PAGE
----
There are a lot of well meaning older men in podcasting, and they have had those ideas pushed on them for even longer. They are most often really caring and helpful actually, but can still come out with casual sexisms that make you feel small or excluded. Pull them up on it, if you can. I always do, but I know it is sometimes hard to, especially when that person is also trying to be helpful. Even if you are new to something and don’t yet feel expert enough to argue though, remember that the assumption that you wont get to be as good cos of your gender is also sexism. Just point out politely that that is what it is. Some forms of sexism are just borne of ignorance rather than malice. The ones that are malice driven – just walk away and have nothing to do with them. They aren’t worth knowing.

Twitch Accounts Compromised by Recent Hack

Twitch logoGaming-focused video streaming service Twitch sent a mass e-mail to users earlier today stating that some accounts may have been compromised in a recent hack. From the e-mail:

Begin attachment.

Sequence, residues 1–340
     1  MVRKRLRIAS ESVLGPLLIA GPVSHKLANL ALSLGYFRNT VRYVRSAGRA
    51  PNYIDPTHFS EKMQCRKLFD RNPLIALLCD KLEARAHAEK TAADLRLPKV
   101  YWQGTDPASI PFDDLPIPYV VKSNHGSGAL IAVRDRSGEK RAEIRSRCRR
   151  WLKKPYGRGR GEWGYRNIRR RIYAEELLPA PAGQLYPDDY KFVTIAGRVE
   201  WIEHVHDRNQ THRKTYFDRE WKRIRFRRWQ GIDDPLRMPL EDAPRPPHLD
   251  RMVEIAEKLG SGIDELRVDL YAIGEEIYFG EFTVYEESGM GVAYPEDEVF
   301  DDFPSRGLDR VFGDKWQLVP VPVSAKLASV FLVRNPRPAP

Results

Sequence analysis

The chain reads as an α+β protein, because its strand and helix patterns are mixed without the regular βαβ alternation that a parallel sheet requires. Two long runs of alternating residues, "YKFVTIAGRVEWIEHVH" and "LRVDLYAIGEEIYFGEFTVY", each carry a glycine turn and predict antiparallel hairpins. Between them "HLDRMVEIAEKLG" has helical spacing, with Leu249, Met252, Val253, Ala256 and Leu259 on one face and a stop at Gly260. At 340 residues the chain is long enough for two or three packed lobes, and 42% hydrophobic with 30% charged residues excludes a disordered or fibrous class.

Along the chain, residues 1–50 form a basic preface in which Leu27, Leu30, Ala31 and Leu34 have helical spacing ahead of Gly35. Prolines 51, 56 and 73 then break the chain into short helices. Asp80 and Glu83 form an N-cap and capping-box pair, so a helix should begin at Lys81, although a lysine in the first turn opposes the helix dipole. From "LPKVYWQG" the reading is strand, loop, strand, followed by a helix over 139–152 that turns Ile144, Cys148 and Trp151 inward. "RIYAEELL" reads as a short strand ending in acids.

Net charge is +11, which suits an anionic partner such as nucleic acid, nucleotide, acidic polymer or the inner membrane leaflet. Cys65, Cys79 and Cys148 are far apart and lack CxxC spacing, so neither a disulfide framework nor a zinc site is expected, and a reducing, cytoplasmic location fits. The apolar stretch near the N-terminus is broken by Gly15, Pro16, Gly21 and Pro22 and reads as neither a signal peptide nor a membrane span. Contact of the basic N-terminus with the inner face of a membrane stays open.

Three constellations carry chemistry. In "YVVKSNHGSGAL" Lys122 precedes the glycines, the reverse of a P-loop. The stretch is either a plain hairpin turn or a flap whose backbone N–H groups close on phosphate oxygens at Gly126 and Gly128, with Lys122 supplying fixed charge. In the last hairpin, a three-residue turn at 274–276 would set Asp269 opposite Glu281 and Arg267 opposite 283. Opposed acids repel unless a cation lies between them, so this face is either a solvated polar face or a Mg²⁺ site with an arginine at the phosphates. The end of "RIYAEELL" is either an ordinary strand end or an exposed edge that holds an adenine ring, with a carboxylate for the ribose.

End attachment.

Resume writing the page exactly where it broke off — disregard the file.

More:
We are writing to let you know that there may have been unauthorized access to some of your Twitch user account information, including possibly your Twitch username and associated email address, your password (which was cryptographically protected), the last IP address you logged in from, and any of the following if you provided it to us: first and last name, phone number, address, and date of birth.

The message goes on to say that Twitch has “expired” users’ passwords and stream keys and that users will be prompted to create new passwords (and possibly re-authenticate their accounts thru Facebook) upon their next login to the site. Twitch also terminated connections between user accounts and external sites like Twitter and YouTube. Users will have to reestablish those connections if they want to continue to use them.

In the wake of this security breach, Twitch may have changed its password requirements, forcing users to make more complex passwords. Responding to complaints from users, the company lessened the requirements but still advised users on best practices for creating secure passwords.

Women in Podcasting: Interview with Addy Saucedo